Nearly every part of Matt & Rosie's hydroplant has been reincarnated after dying as something else. The hub and main shaft of the 13 foot diameter overshot were part of a 24 inch Pelton wheel with the cups removed. The one inch steel rods radiating from the hub came from a scrap metal pile. The floor of the buckets and the 18 inch x 12 inch deep buckets themselves were painstakingly cut from an old dump truck body and individually welded into place. Most of the pulleys, sprockets, and jack shafts for the speed multiplier gear train were bartered or scrounged from deceased mining and farming machinery. About the only things purchased new were the bearings for the main and jack shafts and the V belts. In 1975, those items cost approximately $250. To replace them all at today's prices would run about $550.

The 1800 rpm 2.6 kiloWatt Kurz-Root ac generator came out of a 1940s military portable GenSet. Matt replaces the brushes about twice yearly and trues the commutator and slip rings every couple of years. He tells a great story about filling a missing commutator insulator with JB Weld™, which turns out to be nonconductive, and turning it down on a lathe. "That was over a year ago, and the dang thing still runs great."

The Hydroplant

The total head of the Olsons' hydro system is about 14 feet. This includes the pitch on the wooden chute which acts as a nozzle and the 13 foot diameter wheel itself. At full output, the Olsons' hydro system produces 2,500 watts (2.5 kiloWatts) of 120 volt, 60 Hz ac power. This hydro produces a whooping 40 kiloWatt-hours daily.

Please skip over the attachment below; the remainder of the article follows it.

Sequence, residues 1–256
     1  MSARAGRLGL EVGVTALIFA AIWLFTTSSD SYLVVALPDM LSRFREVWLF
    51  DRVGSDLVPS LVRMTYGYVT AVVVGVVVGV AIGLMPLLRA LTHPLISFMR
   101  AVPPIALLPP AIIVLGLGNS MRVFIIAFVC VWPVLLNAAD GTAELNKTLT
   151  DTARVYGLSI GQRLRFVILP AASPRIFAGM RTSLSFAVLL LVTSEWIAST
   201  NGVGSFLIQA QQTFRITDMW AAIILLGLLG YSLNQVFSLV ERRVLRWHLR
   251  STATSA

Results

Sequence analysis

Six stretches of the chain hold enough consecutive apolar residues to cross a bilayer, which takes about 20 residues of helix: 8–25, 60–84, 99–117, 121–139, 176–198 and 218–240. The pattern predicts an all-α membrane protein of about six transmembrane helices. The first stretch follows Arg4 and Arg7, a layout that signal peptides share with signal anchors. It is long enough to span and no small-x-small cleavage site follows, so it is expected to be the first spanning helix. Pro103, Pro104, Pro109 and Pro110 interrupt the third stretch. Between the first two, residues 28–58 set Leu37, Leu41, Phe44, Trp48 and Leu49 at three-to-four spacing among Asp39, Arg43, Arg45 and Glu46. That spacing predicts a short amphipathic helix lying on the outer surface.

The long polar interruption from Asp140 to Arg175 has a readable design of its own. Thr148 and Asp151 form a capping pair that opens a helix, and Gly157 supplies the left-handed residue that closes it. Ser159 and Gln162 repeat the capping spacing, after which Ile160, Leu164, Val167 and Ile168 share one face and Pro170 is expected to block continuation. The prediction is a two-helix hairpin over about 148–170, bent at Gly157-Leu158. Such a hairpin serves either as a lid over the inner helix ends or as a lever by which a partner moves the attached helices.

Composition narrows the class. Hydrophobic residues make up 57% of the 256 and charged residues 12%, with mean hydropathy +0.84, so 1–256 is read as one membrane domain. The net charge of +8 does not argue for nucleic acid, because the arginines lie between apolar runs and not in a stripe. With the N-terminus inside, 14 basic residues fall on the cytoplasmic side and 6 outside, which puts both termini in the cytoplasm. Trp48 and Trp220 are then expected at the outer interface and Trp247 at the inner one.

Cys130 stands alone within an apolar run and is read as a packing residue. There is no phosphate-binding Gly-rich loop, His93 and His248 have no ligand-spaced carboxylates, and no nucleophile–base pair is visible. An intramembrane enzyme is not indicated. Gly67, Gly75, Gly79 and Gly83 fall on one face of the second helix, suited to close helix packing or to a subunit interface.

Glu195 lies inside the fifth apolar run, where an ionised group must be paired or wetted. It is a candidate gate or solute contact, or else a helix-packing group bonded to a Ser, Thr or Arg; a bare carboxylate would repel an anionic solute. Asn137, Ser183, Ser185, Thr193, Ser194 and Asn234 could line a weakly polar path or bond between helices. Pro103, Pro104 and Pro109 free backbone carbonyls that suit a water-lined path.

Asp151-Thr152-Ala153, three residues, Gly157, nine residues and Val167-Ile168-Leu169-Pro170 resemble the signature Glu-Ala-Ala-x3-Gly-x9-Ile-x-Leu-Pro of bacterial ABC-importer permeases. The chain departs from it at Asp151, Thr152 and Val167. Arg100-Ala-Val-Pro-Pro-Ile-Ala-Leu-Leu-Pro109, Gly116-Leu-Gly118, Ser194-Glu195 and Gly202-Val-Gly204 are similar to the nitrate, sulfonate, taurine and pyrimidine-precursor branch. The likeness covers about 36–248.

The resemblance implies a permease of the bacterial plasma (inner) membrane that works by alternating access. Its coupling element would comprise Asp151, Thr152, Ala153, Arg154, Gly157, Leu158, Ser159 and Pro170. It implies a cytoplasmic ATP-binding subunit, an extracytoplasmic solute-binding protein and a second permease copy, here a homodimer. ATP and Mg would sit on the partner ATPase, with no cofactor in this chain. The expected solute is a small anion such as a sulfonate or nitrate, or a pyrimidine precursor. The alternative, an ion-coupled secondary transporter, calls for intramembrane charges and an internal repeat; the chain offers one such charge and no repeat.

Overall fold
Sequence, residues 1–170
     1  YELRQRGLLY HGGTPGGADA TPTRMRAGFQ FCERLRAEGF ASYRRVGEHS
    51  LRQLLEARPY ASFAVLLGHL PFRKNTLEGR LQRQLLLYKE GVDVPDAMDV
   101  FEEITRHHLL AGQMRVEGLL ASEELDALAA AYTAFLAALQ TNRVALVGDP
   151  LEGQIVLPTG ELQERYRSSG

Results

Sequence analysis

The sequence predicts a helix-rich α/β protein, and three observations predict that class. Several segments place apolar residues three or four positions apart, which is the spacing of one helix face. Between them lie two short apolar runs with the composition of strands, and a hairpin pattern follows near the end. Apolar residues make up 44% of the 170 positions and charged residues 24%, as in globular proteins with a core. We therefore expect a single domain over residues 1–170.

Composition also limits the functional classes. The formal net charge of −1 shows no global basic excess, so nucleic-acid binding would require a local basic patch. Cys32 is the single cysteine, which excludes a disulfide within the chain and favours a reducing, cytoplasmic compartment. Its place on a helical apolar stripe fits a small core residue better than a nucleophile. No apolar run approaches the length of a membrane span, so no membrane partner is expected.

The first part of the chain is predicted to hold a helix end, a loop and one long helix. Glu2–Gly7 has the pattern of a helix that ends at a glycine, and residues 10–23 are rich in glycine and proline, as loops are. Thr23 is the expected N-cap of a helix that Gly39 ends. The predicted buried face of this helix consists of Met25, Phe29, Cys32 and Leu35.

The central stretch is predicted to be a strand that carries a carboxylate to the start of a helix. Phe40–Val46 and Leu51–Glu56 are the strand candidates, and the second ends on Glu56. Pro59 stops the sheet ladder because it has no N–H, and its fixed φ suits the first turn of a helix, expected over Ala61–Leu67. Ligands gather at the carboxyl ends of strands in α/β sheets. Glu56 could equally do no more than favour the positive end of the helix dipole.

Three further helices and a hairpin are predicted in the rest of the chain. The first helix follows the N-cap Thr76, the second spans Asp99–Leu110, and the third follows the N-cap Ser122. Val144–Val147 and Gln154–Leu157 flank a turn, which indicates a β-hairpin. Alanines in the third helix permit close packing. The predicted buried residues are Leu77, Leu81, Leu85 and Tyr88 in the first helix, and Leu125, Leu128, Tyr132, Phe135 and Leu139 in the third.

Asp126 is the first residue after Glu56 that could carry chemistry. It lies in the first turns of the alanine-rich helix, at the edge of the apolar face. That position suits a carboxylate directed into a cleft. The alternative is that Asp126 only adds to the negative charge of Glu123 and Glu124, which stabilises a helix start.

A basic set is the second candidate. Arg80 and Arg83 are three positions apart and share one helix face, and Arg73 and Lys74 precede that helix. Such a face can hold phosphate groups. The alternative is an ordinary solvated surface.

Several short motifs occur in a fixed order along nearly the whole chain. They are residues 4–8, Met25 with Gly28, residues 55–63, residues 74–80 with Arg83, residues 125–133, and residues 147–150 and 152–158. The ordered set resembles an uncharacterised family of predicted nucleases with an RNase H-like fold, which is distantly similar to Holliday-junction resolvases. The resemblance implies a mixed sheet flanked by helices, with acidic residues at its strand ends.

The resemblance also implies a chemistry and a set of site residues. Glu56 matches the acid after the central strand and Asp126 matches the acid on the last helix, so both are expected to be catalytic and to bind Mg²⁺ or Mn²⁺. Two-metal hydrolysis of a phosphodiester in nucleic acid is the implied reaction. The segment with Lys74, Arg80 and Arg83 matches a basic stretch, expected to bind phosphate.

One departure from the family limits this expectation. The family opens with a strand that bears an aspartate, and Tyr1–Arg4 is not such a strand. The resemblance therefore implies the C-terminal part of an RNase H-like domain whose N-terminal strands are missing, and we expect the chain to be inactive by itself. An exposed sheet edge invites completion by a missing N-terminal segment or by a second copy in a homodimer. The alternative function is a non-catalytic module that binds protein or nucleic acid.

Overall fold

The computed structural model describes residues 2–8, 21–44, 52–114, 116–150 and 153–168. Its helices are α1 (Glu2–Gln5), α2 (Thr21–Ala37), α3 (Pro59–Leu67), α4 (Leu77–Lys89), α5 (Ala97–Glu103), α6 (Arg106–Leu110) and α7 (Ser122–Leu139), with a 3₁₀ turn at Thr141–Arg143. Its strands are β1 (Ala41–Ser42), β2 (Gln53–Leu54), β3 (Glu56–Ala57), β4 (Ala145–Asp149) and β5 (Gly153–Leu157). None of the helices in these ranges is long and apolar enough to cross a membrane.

The wheel uses one cubic foot per second (cfs) of water, and turns at 12 rpm while under load. Through a system of jack shafts that would do Rube Goldberg proud, the speed is increased to approximately 2000 rpm. Maintenance consists of greasing all the bearings weekly and knocking some of the ice build-up off the wheel during the coldest part of the winter.

Living with an ac Hydroplant

There are no batteries, inverter, or controls that we normally associate with a stand-alone renewable energy system. It's rolling thunder and you have to use what you produce — one way or another. Increasing the wattage loading past the generator's output will cause low voltage brownouts and lower than 60 Hz power frequency. Decreasing the load on the generator will cause the wheel to spin faster, subjecting all the appliances and lights to a high voltage and frequency condition.

Below: The power transmission increases the low speed (12 rpm) of the overshot water wheel to high speed (=2000 rpm) at the electric generator. The wheel is coupled to the uppermost shaft in the photo. Here a chain drive is used to transfer the power to the next shaft at a higher speed. In all, four shafts are used to speed up the water wheel's power output by about 160 times for electric power generation. Photo by Richard Perez

the physics Q/r

Above: Matt and Rosie's hydro powered homestead. Not only does falling water provide the electricity, but it also drives a ram pump to pump water for the house and gardens. Note the lights burning in the living room during the middle of the day. This is a typical practice in 120 vac 60 cycle hydro systems.

Below: The flume delivers about one cubic foot of water to the wheel every second. Photos by Richard Perez

Below: The flume delivers about one cubic foot of water to the wheel every second. Photos by Richard Perez

the physics Q/r

Gravity powers the overshot water wheel. The water falls and as it falls it does what physicists call work because its mass is accelerated by the pull of gravity. The overshot water wheel converts the energy of the water's falling mass into mechanical power at the wheel's axle. The amount of power available for conversion depends on two factors: the amount of water per second flowing over the wheel, and the vertical distance that the water falls. Here's the equation.